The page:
Women rebuild lives through La. program

8/9/2011

By Betty Backstrom*
UMNS
1:00 P.M. EDT August 9, 2011

A graduate of a Baton Rouge-based re-entry and transitional housing program for women in need said her “misery came to an end” when she became involved in Connections For Life.

“I had hit rock bottom,” said Robyn, now a member of First United Methodist Church in Baton Rouge, La. “My problems led me down a path to prison. My family was disgusted with my actions, and I didn’t care about myself.”

Connections For Life, a nonprofit organization founded in 2000, offers a 12-month transitional housing and re-entry program to serve women coming from prison, treatment facilities, battered- women’s shelters and other referral agencies. The program provides the women with an efficiency apartment as well as clothing, food, transportation, job-placement help, assistance with children and family reunification and access to health care.

Photo: Karen Stagg (left), board president of Connections For Life in Baton Rouge, La., and Robyn, a graduate of the program, are two of the people who have helped build the mentoring program for women. A UMNS photo by Betty Backsrom.

“The program provides a very structured environment for the women we serve,” said Karen Stagg, board president of Connections For Life.

Residents take classes in financial-management skills and are required to attend recovery meetings. They participate in volunteer work within the program and must contribute toward their expenses after getting jobs. The program’s mission is to help women learn to help themselves and to become productive members of their community.

The ministry meets most women they serve while the women are still in jail or a recovery program.
‘Nowhere left to go’

Stagg says the program is trying to serve women who have “nowhere left to go.

“Their spirits are broken, relationships with their families are not intact and they often don’t believe in themselves. We provide the support, care and structure that they need, but the women do all the hard work as they make the journey on their road to recovery,” she said.

Robyn’s story of transformation is inspirational.

“My deepest belief is in Jesus Christ and the love he has for everyone. Although it was tough, I believe God was acting in my life when I was arrested and sent to prison because I was able to meet Miss Karen. If I can even bring a third of this message out to the world, I am doing something good,” she said.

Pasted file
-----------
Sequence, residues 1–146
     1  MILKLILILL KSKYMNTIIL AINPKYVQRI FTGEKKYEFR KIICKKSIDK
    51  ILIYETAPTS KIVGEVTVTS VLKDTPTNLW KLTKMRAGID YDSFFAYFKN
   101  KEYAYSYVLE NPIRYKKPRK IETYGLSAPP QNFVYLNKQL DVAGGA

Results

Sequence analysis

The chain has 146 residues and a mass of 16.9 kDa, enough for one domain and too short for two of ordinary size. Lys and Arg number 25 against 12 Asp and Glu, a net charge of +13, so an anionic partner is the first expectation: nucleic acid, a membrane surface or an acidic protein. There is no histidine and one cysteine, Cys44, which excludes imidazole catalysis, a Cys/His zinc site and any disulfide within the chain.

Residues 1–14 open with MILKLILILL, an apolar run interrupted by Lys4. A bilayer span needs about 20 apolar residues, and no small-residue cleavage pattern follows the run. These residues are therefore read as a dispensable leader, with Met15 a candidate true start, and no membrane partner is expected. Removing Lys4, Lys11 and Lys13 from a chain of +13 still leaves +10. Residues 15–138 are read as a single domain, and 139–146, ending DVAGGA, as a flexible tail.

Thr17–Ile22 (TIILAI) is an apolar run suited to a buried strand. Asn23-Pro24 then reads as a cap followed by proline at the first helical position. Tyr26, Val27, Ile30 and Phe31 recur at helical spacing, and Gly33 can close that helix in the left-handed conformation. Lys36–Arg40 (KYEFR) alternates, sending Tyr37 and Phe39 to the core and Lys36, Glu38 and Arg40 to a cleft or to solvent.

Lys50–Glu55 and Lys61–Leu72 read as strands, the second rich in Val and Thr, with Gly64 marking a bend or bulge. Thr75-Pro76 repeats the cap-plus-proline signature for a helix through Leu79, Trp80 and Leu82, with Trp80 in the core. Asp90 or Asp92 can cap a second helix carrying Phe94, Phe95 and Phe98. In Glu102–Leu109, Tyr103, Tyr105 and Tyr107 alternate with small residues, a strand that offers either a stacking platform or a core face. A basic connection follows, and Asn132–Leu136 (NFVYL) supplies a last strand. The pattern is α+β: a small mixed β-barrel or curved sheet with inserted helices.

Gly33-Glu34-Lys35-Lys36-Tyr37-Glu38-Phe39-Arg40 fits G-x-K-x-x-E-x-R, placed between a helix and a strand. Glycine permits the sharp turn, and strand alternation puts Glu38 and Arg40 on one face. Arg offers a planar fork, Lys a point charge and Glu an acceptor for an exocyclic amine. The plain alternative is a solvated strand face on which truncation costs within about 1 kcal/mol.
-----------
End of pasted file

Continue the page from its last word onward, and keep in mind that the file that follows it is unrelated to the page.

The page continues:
Robyn attends First United Methodist Church with her husband and their three daughters. She now owns her own janitorial company.

“We worked with Robyn to develop a business plan, and with seed money from Jacob’s Ladder (First United Methodist Church’s microlending ministry), she opened her own business. She currently serves as a mentor for other Connections For Life women who are working to overcome challenges and trying to rebuild their lives. In every way, Robyn always does the right thing,” said Stagg.

Robyn’s journey has served as an example for other women and has helped to change the attitudes of people she meets every day.

“Robyn has proven that no matter how bad things get, anyone can change. She usually ‘blows away’ stereotypes that people might have about those who have been in prison. I think that for those in the church who have gotten to know Robyn and witness her hard work and success and who have helped her, that it has been good thing not just for Robyn but also for our church,” Stagg said.
Thrift store provides funds

A major source of funding for the program is the operation of the Connections For Life Thrift Store. Churches, community members, businesses and others in the area donate items for resale in the store. The thrift store is located in a community of need, which allows the program not only to serve the needs of the women in the program but also to be a good neighbor to the community. The thrift store employs one of the Connections For Life program residents as assistant manager. All women in the program volunteer weekly in the thrift store.

To learn more, contact Connections For Life at (225) 379-3640 or Karen Stagg at Karen@firstmethodist.org. You can also visit www.connectionsforlife.net.

Connections is a 501 (c)3 non-profit founded by Myria Andre-Martin, who has served women in need for more than 30 years and co-founded Myriam’s House in Baton Rouge. Volunteers assist the women and the program and donate items for resale in the thrift store. For the past three years, members of First United Methodist Church have coordinated a golf tournament that benefits the program and assists with much-needed operational funding.

“The program would not exist without the support of the community and area churches. The members of First United Methodist Church are a big part of the program’s continuing success,” Stagg said.

“The members of First United Methodist Church and other churches also provide encouraging words of support to the women and are welcoming and supportive of (each) woman’s efforts to make a new and better life for herself and her children,” she added.

Robyn is passionate about the impact that the program and its volunteers have had on her life.

“Connections gave me the foundation that helped me become a productive member of society. They helped me believe I could surpass the limitations I had set for myself. Connections is responsible for helping me be who and what I am today.”

To learn more, contact Connections For Life at (225) 379-3640 or Karen Stagg at Karen@firstmethodist.org. You can also visit www.connectionsforlife.net.

*Backstrom is communications director of the Louisiana Annual (regional) Conference in Baton Rouge, La.

News media contact: Maggie Hillery, Nashville, Tenn., 615-742-5470 or newsdesk@umcom.org.